Planted between March 15th and the last week of May in straight lines or scattered, 35 and 40 kilograms of hemp seed are planted per hectare. Growers have different varieties available to them depending on the desired harvest (with or without seeds).
Between 100 and 130 days.
Hemp grows rapidly (3 to 5 meters) and quickly smothers other unwanted plants around it so no weeding is needed and no phytosanitary treatments are necessary. Any rare parasites are removed by hand as soon as they appear.
Based on the desired production, the plant is harvested at the end of August for a partial use without shives and at the end of September if the entire plant is used. With a combine-harvester, the grain can be harvested while maintaining a 20% humidity. In this case, cleaning and drying are also needed to conserve the hemp’s dampness at about 10%.
Reaping is done with a double-bladed reaper. The straw is then swathed, pressed and baled in workshops where the fibers are removed. Baling must be done as quickly as possible to prevent the straw from retting too much.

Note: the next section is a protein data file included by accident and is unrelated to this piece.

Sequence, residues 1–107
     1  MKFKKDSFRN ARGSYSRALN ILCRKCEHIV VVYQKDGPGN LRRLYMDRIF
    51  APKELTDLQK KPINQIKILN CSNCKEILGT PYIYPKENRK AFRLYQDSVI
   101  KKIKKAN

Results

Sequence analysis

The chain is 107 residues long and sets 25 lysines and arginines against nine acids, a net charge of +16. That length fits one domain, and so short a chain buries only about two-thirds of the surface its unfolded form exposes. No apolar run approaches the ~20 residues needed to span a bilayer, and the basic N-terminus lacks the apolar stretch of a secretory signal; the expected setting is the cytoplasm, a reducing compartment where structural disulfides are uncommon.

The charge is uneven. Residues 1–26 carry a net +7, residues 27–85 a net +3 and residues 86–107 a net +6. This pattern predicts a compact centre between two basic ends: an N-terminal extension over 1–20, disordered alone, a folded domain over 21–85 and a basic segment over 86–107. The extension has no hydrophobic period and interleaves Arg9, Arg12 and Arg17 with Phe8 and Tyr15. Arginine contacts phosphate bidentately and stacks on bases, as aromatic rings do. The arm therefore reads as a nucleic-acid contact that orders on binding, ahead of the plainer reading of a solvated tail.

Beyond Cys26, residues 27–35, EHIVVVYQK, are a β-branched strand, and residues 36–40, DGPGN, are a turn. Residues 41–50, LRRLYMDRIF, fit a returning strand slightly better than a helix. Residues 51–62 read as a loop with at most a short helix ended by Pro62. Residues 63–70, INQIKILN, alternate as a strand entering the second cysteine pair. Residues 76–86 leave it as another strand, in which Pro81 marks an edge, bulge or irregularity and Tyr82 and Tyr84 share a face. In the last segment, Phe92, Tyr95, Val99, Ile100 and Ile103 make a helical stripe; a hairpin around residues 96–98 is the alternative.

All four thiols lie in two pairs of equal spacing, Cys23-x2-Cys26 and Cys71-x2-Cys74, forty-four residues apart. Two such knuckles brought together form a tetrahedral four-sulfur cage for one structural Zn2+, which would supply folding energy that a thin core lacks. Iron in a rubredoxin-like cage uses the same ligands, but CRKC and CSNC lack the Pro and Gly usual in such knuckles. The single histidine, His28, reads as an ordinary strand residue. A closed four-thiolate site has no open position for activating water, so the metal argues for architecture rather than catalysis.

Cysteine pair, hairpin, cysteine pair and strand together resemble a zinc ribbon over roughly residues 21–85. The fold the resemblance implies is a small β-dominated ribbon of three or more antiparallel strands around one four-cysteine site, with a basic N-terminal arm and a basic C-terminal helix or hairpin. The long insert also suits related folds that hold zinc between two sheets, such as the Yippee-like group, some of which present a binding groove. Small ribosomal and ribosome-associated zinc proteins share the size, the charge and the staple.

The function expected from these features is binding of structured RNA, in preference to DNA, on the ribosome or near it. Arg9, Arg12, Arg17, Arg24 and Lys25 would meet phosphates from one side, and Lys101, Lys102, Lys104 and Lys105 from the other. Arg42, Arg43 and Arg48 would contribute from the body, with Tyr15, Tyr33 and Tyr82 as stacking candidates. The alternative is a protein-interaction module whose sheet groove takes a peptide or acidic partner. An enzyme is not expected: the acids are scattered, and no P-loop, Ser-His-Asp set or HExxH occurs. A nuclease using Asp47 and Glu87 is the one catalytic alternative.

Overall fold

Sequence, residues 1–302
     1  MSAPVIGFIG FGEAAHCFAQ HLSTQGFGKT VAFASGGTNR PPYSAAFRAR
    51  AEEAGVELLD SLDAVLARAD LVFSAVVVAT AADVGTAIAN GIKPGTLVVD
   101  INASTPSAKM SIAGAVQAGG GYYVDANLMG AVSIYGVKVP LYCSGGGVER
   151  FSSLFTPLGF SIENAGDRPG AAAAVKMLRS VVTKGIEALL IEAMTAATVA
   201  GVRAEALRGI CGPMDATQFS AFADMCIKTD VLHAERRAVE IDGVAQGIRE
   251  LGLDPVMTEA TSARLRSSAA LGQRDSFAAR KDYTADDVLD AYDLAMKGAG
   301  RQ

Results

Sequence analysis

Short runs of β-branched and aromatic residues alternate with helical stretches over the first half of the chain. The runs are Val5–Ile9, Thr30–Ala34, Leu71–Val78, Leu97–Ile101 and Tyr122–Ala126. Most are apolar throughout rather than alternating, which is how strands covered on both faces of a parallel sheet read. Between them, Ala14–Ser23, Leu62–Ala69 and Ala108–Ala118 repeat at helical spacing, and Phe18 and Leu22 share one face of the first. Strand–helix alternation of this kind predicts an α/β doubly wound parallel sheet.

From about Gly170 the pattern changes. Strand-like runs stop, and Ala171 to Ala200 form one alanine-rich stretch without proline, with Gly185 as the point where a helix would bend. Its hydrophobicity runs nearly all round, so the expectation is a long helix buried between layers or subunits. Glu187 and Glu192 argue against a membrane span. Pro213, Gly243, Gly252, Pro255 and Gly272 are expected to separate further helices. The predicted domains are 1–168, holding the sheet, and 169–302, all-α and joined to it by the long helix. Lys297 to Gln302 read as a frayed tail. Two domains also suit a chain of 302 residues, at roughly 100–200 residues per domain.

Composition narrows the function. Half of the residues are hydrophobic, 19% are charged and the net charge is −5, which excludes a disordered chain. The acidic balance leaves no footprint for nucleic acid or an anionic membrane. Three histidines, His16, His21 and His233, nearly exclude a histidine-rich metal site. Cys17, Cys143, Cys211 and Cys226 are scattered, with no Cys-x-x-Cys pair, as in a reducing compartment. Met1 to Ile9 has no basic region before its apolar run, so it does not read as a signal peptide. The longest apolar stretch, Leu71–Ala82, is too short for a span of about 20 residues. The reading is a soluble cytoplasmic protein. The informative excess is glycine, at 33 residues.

Transformation by mechanical defibrillation
In the past, hemp was retted in water pits and then scutched like linen. Today, the tow (external cellulose fiber) is separated from the shive (the central, soft part of the stem) by mechanical defibering, a process that uses little energy and no chemical treatments thanks to high-performance industrial equipment and technical know-how. The very light shive is 65 to 70% of the stem’s total mass. It has cellulosic and lignosic components and must be dusted, sifted and sorted depending on its final use.